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  • Around here we call them splits.  I don't like them and specified 'no splits' when we were looking.  For though it's really because all the ones around here were built in the 1950s and 60s and we wanted an older home that is more reflective of the character of our area. 

     

  • I'm not a huge fan of the traditional split level where you have to choose up or down when you walk in the door.  That said, we live in a modified split where you actually walk in to the living room from the front door along with the kitchen and sun room, then down 3 steps to the lower level (study, bathroom, w/d, garage). You go up 8 steps to the top level (bedrooms, bathroom).

    I grew up in a 2 story and hauling laundry from 2nd floor to basement and back again was always a chore.  It is nice with the split that you don't have the same trek.

    It is also nice for my husband who has a mild form of CP and has some limitations with the amount of stairs he is comfortable climbing daily.

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  • I don't hate them, mostly because my aunt had one when raising her 4 kids and I always thought it was nice that the upstairs (which consisted of the kitchen, a small dining area, a living space, and the bedrooms) could stay fairly pristine while the kids had the run of the downstairs living space.  All of their videos, toys, etc. had a place and visitors didn't necessarily have to see that area.

    That said, I think the fact that there are so many splits in your neighborhood at low prices says something about the resale value (or simple ability to resell) and is a point that needs heavy consideration.  If you suddenly needed to move, you would be a lot better off in a house that would make quicker market moves.

    It's a tough decision!  Good luck D!

    Married in 2008 - DD born in 2010 - EDD 6.15.2012!
  • Hehe.  I call them "choose your own adventure" houses.

    BUT-all the PPs are right and all of the names are correct (seeing as I teach a class on American housing styles, figured I would clarify).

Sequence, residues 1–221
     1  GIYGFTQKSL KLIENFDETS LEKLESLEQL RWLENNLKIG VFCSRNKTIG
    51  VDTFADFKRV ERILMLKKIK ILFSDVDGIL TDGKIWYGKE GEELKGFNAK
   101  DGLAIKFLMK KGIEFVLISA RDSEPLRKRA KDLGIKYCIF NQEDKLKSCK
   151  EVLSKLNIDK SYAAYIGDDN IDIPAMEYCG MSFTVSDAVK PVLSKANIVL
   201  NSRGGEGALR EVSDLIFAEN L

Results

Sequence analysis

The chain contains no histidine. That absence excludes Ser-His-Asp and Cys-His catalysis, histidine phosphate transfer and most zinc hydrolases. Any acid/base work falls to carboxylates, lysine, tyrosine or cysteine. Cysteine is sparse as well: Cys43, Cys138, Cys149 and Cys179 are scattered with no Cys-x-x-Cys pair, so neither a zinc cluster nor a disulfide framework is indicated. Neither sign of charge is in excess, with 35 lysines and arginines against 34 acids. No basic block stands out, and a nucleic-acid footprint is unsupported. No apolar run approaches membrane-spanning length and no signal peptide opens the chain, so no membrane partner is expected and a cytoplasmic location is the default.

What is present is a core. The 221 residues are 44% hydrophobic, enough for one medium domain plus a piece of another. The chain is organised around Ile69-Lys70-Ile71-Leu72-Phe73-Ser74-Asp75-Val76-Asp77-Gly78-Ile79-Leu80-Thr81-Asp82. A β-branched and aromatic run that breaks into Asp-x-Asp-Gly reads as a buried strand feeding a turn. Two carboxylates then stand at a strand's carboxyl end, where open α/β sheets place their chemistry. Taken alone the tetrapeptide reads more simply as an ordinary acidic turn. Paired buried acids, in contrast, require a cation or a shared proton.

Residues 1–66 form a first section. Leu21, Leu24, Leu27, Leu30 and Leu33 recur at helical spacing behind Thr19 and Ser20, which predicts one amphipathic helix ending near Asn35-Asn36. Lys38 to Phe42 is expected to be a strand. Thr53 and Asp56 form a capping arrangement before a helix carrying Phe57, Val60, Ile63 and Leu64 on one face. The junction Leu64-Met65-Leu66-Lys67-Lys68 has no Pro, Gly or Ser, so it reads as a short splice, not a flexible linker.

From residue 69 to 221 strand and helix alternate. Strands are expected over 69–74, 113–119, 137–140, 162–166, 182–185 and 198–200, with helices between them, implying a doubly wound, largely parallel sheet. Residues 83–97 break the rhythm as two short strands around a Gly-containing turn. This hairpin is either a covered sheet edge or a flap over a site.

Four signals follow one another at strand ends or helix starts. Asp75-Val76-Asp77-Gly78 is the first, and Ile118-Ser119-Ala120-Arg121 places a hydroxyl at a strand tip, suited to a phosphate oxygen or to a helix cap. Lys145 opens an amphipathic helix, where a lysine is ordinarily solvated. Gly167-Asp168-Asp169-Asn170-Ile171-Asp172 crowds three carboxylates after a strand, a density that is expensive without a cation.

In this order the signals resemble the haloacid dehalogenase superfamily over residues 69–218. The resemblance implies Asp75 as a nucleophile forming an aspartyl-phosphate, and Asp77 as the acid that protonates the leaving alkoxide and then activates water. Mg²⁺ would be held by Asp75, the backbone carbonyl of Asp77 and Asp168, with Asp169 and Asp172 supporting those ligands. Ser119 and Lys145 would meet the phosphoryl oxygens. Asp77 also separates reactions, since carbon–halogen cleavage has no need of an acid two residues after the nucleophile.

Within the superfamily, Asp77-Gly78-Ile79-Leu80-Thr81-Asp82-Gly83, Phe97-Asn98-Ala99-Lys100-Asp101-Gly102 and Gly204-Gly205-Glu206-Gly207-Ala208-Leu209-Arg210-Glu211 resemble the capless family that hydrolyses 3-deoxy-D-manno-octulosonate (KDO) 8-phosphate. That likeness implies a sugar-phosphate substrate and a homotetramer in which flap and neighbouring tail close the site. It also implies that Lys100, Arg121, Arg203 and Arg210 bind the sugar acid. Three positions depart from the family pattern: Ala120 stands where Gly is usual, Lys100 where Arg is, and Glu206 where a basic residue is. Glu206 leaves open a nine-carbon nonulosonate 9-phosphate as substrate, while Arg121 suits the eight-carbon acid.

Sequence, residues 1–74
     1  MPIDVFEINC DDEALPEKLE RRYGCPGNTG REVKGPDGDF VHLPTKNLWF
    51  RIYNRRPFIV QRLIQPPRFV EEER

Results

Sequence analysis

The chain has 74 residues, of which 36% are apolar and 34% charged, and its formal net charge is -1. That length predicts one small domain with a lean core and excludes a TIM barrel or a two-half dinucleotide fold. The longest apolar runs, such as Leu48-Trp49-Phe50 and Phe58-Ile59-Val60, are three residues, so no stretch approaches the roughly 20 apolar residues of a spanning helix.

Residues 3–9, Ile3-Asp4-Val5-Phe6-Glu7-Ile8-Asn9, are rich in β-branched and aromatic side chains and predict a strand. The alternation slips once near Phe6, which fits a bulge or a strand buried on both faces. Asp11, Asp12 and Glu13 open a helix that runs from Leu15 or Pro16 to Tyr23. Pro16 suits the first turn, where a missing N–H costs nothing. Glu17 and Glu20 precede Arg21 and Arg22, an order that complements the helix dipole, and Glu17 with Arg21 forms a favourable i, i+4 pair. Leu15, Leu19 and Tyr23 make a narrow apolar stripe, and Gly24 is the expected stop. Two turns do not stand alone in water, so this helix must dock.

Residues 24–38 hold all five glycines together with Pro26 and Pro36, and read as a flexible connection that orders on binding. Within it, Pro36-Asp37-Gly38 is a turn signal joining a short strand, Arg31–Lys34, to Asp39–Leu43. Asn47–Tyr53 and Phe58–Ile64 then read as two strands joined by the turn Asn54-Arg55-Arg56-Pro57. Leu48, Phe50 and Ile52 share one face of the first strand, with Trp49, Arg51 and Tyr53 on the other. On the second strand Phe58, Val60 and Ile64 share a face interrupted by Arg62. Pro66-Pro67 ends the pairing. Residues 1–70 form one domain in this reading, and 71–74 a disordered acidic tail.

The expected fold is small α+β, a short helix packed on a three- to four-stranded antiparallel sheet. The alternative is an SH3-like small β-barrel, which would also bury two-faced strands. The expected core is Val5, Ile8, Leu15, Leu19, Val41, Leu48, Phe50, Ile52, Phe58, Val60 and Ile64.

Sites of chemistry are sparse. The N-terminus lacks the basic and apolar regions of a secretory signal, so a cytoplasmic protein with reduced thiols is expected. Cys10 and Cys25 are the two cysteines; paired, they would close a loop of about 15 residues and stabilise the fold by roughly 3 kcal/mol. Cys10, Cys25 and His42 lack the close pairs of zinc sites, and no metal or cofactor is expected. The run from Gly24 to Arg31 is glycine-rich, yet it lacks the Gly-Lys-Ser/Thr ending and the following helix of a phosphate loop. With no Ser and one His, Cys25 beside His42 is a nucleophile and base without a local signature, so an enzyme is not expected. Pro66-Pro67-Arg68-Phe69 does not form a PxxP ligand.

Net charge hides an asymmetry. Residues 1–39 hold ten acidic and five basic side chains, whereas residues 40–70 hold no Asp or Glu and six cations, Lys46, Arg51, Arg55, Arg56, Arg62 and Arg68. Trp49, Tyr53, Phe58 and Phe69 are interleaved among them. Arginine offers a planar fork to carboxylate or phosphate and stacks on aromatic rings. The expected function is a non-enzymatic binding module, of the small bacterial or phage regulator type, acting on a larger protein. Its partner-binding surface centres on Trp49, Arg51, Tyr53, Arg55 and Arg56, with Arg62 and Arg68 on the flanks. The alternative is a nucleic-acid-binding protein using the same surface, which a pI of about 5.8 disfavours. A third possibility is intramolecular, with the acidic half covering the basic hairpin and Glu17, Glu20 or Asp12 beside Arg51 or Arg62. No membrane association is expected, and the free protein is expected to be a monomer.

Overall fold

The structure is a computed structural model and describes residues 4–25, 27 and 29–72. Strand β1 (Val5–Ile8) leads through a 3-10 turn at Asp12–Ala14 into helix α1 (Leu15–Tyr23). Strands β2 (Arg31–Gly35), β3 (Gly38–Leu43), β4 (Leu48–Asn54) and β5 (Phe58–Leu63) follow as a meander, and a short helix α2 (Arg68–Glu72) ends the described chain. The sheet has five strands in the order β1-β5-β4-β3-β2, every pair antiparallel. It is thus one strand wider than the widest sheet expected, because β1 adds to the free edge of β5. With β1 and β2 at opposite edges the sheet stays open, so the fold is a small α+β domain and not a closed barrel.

A bi-level is a regional term for this style house, which falls under the category of "split level".  It is also sometimes called a "raised ranch" as builders sometimes leave the downstairs completely unfinished (basement) and so the house is really a ranch, elevated enough that the basement level is almost above ground.

     image

    But there are other kinds of split levels, as some PPs described, where you walk in and having living space on that floor, then proceed up or down half a flight of stairs from there to other spaces.  THose often look like this:

     image

    Anyway-you are talking about the first type-and I completely understand.  In fact, there is one on the market here that DH and I SERIOUSLY considered because it had a pipe burst and needs to be completely redone (aka dirt cheap in a fabulous neighborhood on a cul de sac).  So, I would live in one for the right price, but I would definitely plan a lot of changes (including on the exterior) just because of my personal taste.

    But Star makes a good point-they are really the most universally disliked style, so they increase in value slower than other styles, and will be a bit tougher to sell. But in our area, if you want to be in the good school district for under $225K, then you are pretty much limited to a tiny house or a split level, so it is what it is.